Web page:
Being out in the countryside with my dogs gives me time to think. I’ve learnt the pleasure of solitude without being lonely, and that’s a good feeling for me.

Welcome to "Man with two dogs" - the family website for dog owners and dog walkers.

This is my countryside diary which appears each Saturday in the Dundee Courier newspaper.

How sweet their memory still

August 20th, 2011

CEMETERIES HOLD many memories   Some folk think they are sad places because of the memories; but life is a happy experience and the memories don't change because we die   Cemeteries only become sad when they are forgotten and neglected.

Sleepyhillock on the outskirts of Montrose, on the Brechin road, is a cemetery where it might almost be a pleasure to be buried if you were able to share in the arrangements at the time   The name itself surely gives some reassurance about the future, if you dwell on such things.

It's not a place I visit regularly, although over the years I've bidden farewell to several of its residents, including my own parents   I had to call there on Tuesday to get my father's date of death off his headstone – I suppose most people remember those sorts of statistics, but for me it's the memories that count, not dates carved into stone.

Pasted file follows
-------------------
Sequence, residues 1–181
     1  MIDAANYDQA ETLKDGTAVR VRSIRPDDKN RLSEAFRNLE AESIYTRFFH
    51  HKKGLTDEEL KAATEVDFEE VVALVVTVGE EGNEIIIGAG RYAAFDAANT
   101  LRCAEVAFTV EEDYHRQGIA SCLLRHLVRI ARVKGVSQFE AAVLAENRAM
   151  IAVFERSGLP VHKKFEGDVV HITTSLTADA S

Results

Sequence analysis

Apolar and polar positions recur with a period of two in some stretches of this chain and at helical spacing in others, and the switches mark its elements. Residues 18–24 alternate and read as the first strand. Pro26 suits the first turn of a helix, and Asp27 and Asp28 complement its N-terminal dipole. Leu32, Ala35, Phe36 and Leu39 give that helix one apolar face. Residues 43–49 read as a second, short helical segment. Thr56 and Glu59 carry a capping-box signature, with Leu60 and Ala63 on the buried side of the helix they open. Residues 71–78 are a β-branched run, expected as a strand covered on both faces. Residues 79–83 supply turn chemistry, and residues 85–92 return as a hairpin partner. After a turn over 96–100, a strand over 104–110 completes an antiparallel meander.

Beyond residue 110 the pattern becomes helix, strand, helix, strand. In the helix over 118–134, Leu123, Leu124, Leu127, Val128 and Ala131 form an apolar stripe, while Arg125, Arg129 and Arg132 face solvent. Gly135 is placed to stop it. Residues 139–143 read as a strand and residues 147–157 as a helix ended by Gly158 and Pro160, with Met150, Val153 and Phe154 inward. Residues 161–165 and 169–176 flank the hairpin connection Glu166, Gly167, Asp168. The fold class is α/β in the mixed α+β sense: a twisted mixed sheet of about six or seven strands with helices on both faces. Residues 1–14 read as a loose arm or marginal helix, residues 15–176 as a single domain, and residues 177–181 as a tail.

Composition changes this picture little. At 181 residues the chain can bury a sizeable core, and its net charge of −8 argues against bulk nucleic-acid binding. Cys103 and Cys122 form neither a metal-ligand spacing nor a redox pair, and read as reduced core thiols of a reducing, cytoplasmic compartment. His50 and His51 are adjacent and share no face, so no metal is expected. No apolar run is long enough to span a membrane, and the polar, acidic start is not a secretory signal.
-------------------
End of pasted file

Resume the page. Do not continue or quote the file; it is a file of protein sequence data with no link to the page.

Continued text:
Its situation, beside Montrose Basin, is rather special   The tide was out and maybe you need to have grown up in Montrose to appreciate the sun shining on the mudbanks, and find it an attraction   The Basin has been an extension of the town for as long as the town has been there, which is why the town's name is part of its title.

Were it not for the hum of traffic the eternal peace of Sleepyhillock would be complete   Looking across the Basin to Rossie Braes, the butter-yellow barley will soon be ready for combining   The colours change with the seasons but the memory of the skyline is constant.

Early in the year curlews fly inland to the moors to nest, but they are starting to return now to the Basin for winter   The mud and glaur is like a monstrous supermarket for them where they probe away with their long, curved beaks hunting for tasty marine worms and molluscs   Their wild, bubbling, trilling call is another memory you can't shake off.

The Auld Kirk steeple dignifies Montrose's skyline   I'm a collector of old prints of the town and it's the single most instantly recognisable feature in all of them   And I don't believe I know of another town that has water on three sides – Montrose Bay, the Basin and the River South Esk   Those sort of things stick in the mind.

Before the South Esk debouches into the Basin it runs through the Slunks and the Lurgies, areas of reed beds and mud at the rivermouth   I consulted my Dr Jamieson's Dictionary to find the derivation of these two words   A slunk is a quagmire, which is how the Slunks are when the tide is out and the mud is exposed.

The meaning of Lurgies seems lost in the mists of history – but then there have always been things that drop out of the ken of man.

Written on Saturday, August 20th, 2011 at 9:30 am for Weekly.